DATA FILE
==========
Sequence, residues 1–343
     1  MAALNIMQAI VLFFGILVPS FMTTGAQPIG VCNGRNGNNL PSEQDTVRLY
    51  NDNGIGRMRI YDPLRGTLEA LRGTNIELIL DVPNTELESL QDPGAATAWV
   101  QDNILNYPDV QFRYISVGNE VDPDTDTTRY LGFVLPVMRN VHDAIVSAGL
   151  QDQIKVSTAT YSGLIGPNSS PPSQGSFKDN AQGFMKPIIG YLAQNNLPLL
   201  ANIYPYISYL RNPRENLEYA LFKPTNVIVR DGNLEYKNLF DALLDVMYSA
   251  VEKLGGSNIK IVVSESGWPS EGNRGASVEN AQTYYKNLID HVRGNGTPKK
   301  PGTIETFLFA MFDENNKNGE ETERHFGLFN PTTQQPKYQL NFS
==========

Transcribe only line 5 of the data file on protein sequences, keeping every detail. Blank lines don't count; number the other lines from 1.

   151  QDQIKVSTAT YSGLIGPNSS PPSQGSFKDN AQGFMKPIIG YLAQNNLPLL